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HOA personnel records are generally confidential

Your column provides great homeowners association insight to your readers. I thank you. My HOA (self-managed) will allow residents to receive salary details and information for the general manager and chief financial officer and others but prohibits such disclosure to any third party through any means. Any such disclosure could result in fines (and who knows what else).

To receive the information, the signing of a nondisclosure form is requested, but the requirement for signature appears to be waivable if a resident is unwilling to affix signature.

It does, however, appear that any potential penalties could be called for regardless of signature status.

Q: Why would the salary disclosure of any HOA employee to any third party (using any means) be less than a full legal activity?

A: Nevada Revised Statutes 116.31175 subsection 4a states the personnel records of an association’s employees are confidential with the exception of the number of hours worked and the salaries and benefits of those employees. There is no state law as to how a homeowner uses this information.

I have never heard of such a policy, but I can understand why your association has one. Salaries of employees are sensitive information. If the information received is mishandled, it could cause disruption in the management of the association by the employees who were affected.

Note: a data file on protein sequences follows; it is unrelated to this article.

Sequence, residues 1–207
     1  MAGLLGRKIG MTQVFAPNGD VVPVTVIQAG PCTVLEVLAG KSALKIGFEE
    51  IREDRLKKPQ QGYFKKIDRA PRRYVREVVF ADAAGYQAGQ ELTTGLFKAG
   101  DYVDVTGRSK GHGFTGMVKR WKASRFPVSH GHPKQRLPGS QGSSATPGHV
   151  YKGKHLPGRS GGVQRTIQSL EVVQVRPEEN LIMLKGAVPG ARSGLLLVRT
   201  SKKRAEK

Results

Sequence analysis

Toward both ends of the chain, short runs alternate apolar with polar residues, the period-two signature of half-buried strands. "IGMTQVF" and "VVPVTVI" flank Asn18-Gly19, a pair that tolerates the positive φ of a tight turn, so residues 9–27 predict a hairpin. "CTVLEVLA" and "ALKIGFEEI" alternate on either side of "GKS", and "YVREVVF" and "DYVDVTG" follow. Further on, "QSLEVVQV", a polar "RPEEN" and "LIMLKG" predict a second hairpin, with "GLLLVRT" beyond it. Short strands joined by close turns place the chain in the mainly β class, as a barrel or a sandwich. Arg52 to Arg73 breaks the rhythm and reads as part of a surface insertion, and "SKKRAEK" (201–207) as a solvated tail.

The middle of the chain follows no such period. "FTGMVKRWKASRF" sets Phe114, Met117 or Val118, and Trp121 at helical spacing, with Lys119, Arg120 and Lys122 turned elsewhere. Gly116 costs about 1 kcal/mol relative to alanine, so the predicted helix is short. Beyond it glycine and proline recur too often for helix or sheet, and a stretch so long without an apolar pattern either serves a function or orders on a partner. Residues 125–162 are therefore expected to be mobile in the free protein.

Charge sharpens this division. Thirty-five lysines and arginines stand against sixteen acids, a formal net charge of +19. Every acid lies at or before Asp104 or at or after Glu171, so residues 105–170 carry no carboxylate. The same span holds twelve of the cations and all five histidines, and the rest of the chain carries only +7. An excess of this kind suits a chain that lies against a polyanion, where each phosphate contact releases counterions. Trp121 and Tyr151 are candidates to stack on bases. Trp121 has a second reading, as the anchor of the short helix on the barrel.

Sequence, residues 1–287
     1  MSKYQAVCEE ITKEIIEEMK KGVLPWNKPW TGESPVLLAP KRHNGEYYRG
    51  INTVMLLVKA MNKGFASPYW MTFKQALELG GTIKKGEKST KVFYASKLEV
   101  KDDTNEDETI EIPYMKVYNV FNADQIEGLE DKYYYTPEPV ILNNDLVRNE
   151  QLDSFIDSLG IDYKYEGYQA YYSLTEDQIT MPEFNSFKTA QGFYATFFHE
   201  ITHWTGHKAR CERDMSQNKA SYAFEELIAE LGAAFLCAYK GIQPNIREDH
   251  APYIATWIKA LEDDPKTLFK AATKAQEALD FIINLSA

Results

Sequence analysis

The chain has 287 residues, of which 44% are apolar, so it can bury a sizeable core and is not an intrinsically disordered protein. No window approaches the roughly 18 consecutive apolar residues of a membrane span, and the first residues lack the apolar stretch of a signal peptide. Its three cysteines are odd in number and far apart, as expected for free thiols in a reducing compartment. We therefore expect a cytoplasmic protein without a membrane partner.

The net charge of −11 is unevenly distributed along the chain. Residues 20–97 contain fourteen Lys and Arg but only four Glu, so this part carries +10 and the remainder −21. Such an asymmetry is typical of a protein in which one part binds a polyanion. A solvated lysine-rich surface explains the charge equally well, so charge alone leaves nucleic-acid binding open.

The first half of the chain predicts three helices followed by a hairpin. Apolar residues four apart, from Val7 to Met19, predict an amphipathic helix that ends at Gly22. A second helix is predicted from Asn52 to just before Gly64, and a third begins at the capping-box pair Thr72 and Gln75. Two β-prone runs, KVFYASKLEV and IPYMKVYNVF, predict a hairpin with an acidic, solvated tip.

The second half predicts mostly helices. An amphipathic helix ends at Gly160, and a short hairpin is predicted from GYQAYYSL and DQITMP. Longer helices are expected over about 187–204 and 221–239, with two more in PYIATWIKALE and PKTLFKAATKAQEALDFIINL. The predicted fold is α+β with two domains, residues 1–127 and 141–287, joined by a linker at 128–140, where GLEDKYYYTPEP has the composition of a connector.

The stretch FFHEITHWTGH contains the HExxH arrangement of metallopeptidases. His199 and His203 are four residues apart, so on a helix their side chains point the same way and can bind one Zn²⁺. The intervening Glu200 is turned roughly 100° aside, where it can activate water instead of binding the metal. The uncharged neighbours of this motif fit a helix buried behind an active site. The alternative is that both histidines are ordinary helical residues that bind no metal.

It should be noted that associations that use a management company do not have employees. The employees work for the management company.

Q: I live in a condominium complex with eight units in a building. We have a roach problem. Our pest control company suggests the whole building be treated at once — not one at a time. Do you know of other HOA properties that have roach issues? How do they go about controlling this problem? We do have a reduced rate from our pest control company, which helps. Tenants will have to leave for three hours for this.

A: The pest control company is giving you good advice. You cannot do a piecemeal treatment if you want to eradicate roaches. As to controlling the problem, generally speaking, residents bring roaches with them. You might want to send a flyer to all residents about tips to help reduce the problem of roaches at your community. Talk to the pest company of possible suggestions.

Barbara Holland is a certified property manager, broker and supervisory certified association manager. Questions may be sent to holland744o@gmail.com.

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